WATERTOWN — Dozens of children and families are served every year by the Resolution Center of Jefferson and Lewis Counties through its various programs. Volunteers put in countless hours to make it all possible.
The organization hopes to continue to grow its capacity to serve the community, but is in need of volunteers. All programs of the Resolution Center are volunteer-based.
Since the COVID-19 pandemic started, the Resolution Center has experienced a decline in volunteer retention that has hit all its programs, especially the Court Appointed Special Advocates, CASA, program, which has provided a voice for children who have experienced abuse or neglect in Jefferson County since 1986.
Natasha F. Delaney, program coordinator for CASA and family visitation program coordinator, said that before the pandemic, CASA was holding training classes two to three times a year, and from that would get five or six people signing up. Some people would always fall off, and CASA would typically end up with three or four volunteers. Now, with training done virtually, some people find it easier with work schedules, but since the pandemic, CASA has only had one to two trainees signed up throughout the year for training. Most often, they are not successfully completing the program, Ms. Delaney said.
CASA currently has eight volunteers and two staff members serving more than 60 children.
“In 2019, we had 29 volunteers, which is a high number for us,” she said. “I would say on average, we have around 15 volunteers at a time. So having eight right now is difficult.”
CASA advocates are appointed to abuse/neglect cases that are active in family court, and most often, these are the most difficult or complex cases. The advocates build relationships with the children and families to assist in the reunification process whenever possible. The rapport built with the children allows the advocates to report back to the judge on the child’s wishes for permanency and what is in their best interest. Children with CASA have been proven to receive expedited permanency and have their cases closed faster than children not part of the program. Advocates differ from caseworkers in that the advocates are typically assigned one case at a time so they can dedicate all of their time to that one family.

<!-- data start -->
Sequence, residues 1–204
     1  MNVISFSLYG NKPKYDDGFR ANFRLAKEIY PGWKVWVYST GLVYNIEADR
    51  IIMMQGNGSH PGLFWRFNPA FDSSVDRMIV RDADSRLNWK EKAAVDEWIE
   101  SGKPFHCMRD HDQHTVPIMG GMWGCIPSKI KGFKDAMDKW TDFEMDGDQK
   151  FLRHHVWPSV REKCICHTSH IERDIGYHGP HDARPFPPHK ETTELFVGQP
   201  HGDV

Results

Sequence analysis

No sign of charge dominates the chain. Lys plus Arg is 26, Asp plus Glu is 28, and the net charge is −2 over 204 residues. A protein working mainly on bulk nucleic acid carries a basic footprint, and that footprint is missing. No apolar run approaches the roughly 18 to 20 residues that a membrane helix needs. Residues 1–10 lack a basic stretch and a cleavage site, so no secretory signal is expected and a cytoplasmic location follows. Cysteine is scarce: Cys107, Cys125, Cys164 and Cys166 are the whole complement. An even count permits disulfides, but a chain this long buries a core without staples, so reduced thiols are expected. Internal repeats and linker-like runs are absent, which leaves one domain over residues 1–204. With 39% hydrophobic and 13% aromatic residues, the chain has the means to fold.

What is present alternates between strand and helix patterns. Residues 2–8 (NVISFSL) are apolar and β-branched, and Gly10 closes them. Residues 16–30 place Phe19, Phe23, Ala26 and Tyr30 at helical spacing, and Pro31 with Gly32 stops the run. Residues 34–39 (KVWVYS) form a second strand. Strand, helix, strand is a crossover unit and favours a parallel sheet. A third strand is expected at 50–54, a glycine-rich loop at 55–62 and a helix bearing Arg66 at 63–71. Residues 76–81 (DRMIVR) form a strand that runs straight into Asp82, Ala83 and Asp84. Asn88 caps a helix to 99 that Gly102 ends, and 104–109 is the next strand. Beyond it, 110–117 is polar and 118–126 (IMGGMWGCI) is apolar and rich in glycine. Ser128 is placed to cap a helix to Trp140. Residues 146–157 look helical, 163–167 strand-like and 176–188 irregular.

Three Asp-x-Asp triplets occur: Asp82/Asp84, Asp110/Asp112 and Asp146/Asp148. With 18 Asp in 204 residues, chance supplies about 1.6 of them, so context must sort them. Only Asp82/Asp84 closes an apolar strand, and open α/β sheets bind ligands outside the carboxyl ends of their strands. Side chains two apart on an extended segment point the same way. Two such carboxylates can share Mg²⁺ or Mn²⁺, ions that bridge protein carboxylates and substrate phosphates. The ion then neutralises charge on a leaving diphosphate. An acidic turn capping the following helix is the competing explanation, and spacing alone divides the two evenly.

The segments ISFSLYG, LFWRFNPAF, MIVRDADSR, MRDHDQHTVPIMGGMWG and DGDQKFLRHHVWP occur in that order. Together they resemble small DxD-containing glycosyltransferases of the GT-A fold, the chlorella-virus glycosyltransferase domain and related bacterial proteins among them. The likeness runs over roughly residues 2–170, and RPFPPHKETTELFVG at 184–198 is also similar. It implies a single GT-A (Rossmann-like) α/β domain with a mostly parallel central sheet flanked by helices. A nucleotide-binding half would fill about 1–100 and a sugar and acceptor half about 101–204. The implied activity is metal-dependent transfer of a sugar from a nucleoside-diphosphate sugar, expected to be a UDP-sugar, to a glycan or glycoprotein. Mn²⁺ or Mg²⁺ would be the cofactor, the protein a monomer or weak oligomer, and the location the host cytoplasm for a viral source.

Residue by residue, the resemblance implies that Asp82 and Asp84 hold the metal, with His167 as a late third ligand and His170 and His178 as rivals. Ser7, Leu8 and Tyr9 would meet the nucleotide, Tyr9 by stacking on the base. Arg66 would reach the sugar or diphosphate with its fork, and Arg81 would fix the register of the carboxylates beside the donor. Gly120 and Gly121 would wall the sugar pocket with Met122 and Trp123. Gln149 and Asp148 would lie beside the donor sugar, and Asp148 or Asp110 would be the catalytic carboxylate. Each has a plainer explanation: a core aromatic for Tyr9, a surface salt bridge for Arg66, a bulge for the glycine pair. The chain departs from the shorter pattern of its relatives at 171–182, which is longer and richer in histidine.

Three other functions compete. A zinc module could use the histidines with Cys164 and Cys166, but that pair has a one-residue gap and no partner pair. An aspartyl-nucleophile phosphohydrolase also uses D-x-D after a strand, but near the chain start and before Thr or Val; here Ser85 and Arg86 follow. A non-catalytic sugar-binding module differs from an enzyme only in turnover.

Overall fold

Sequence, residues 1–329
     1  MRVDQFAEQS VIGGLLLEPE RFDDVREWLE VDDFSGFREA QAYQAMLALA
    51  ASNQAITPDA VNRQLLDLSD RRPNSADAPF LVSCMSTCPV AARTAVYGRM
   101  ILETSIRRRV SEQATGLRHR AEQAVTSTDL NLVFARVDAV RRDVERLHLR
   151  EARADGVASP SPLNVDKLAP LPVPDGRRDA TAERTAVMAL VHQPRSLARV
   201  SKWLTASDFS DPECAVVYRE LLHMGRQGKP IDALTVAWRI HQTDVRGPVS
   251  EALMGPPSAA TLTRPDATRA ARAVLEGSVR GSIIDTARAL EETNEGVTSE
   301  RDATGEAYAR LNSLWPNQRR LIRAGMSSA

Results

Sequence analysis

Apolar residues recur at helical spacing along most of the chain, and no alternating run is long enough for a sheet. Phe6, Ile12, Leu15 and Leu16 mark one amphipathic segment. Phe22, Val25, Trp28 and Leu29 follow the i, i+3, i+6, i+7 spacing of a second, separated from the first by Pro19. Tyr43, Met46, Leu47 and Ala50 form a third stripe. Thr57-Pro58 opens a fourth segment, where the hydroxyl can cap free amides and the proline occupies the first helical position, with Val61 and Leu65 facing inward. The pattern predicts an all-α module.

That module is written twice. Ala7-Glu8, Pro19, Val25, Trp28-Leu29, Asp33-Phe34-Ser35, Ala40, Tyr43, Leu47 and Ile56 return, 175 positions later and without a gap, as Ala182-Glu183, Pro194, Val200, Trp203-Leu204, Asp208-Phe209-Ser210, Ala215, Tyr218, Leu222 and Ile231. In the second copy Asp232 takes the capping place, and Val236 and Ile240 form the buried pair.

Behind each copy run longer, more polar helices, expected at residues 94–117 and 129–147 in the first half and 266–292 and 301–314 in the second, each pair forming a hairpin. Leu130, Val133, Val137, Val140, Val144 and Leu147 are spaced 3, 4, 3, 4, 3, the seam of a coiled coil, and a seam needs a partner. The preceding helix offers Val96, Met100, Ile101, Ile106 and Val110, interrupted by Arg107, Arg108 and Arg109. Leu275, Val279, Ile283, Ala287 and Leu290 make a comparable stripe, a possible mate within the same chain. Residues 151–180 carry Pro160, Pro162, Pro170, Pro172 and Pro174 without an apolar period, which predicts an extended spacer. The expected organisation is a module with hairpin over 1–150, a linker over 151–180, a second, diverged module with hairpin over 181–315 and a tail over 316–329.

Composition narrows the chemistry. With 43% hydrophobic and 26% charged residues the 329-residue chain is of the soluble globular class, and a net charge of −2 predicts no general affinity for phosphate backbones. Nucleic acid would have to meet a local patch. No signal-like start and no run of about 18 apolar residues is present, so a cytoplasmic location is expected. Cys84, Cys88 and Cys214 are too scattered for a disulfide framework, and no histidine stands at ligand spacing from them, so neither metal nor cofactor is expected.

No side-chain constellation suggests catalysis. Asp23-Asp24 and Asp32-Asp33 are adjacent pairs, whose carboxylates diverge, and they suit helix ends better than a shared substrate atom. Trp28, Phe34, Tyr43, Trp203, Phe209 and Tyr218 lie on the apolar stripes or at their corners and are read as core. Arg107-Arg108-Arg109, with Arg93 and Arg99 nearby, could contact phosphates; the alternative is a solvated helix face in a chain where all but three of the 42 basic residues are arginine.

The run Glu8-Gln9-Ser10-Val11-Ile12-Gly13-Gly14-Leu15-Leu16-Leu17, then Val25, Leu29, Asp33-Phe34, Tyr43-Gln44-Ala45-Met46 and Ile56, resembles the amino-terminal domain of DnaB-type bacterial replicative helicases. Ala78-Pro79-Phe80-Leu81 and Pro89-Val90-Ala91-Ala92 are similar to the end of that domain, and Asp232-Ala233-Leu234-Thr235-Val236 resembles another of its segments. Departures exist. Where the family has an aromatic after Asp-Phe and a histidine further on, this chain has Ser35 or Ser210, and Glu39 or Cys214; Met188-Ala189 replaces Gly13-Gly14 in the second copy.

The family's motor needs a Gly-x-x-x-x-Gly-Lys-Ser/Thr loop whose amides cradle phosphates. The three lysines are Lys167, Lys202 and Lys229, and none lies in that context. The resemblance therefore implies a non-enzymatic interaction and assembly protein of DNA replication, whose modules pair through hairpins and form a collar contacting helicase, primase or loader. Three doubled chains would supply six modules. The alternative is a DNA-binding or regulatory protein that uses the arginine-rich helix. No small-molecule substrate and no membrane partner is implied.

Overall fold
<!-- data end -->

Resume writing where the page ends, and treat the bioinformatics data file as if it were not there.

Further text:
“As far as CASA goes, I would say the importance is huge, it saves the community a lot of tax dollars because these are volunteer advocates, they’re able to dedicate time to one specific family and work on the little things with them that caseworkers might not necessarily have the time to do,” Mrs. Delaney said. “Caseworkers are so overloaded right now and there’s so much change going on in the world that having a CASA advocate for the children just adds another level or layer of support for the families as a whole.”
CASA’s mission is simple: Using an advocacy model through specially-trained volunteers that create working partnerships with families, attorneys, and service providers, CASA speaks for children and helps facilitate collaborative solutions that promote timely resolution of child abuse and neglect matters. CASA assists children in achieving the best permanency outcome, whether that is reunification with their biological families or through adoption.
In 1991, the Jeff-Lewis Mediation Center Inc. was established to provide alternative dispute resolution services for Jefferson and Lewis County citizens through trained staff and volunteers. That year, CASA was placed under the nonprofit umbrella and in 1997, the agency began offering family court custody and visitation mediations and also launched the youth court program. In 2004, the agency changed its name to the Resolution Center of Jefferson and Lewis Counties.